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Eight security issues to prepare for in mobile app development

Thousands of new apps hit the market each week. At the same time, thousands of hackers work hard to tap into these apps to try to phish for user information or implant malware. That means app developers have to be vigilant about security to protect users. As an app developer, you need to know how to avoid the eight security issues most widely affecting users today.

Trusting Built-in Platform Security

Image via Flickr by Alexandre Dulaunoy

You can choose from myriad app development platforms, but none are immune to security issues. For the longest time, Apple’s iOS platform has been considered the most secure because all apps go through a screening process before being approved for users. Unfortunately, this doesn’t guarantee all of Apple’s apps are secure, because the screening process can’t account for every malicious program or person vying to break through.

Android takes a different approach to security by approving all new apps and letting users sort out the good ones from the bad ones with reviews. Both systems have their flaws, and it shows you can’t trust any app platform to protect its users entirely. There are just too many variables for app platforms to consider.

Using Code from Other Developers

It takes a lot of time to develop an app from the ground up, but there’s no need to do so when so much free code exists to build on. Some hackers create code in the hopes that app developers pick it up to use in their apps. This gives hackers access to any information they want after the app’s release.

There’s nothing wrong with building upon the ideas of others, but you have to do your research. Make sure that if you use code from a third-party source, you can trust it’s not going to cause security issues. Read the code line by line to look for phishing scams and only use verified and trusted sources for code.

Not Planning for Data Caching Vulnerabilities

Mobile devices are fundamentally different from standard laptops and desktops in that they store short-term information as long as possible (caching) to increase speed. This makes mobile devices more susceptible to security breaches because hackers can access cached information easily. To avoid the problem, you can require a password to use an app. Of course, app users often find passwords inconvenient, which can hurt the popularity of your app. You can try another solution to data caching vulnerabilities by programming the cache to automatically be wiped every time the mobile device reboots.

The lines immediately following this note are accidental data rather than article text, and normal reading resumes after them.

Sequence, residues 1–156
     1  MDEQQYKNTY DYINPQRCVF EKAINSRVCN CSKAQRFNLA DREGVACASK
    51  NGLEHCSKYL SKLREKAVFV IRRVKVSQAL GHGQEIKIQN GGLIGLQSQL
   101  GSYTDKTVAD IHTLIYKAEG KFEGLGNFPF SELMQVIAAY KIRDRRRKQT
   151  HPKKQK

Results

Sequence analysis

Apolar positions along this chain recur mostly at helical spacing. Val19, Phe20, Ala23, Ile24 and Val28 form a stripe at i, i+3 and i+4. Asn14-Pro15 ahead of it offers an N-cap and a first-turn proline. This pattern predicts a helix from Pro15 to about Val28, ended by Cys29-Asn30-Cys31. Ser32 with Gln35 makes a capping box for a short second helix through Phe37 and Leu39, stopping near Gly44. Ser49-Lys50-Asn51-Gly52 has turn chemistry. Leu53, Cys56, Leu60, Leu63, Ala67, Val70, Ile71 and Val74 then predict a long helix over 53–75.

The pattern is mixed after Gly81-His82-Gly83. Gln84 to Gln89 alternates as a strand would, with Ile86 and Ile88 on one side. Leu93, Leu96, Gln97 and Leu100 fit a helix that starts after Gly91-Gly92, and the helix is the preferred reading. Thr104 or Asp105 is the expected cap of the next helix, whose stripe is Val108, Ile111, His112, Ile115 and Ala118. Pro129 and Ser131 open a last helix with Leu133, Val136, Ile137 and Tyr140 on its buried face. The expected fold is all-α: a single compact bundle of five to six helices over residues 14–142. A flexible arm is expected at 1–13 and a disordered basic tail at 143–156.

Foregoing Thorough Security Testing

As the app developer, you’re the last line of defense. If you don’t ensure your app is secure, you put all of your app’s users at risk. That means you should never rush to release an app before you have properly tested it. Test every inlet for security issues, including the camera, GPS, sensors, and even the platform itself. No app is safe from the attacks of viruses and malware.

During testing, avoid allowing users to see crash and debug logs. These are often the first places hackers look for app vulnerabilities. As an app developer, you can disable the NSLog statements on iOS. This action increases the speed of the app, too, which your users will appreciate. The Android debug log is typically cleared when a device is rebooted, but an app is vulnerable until that happens.

Not Using Encryption or Using Weak Encryption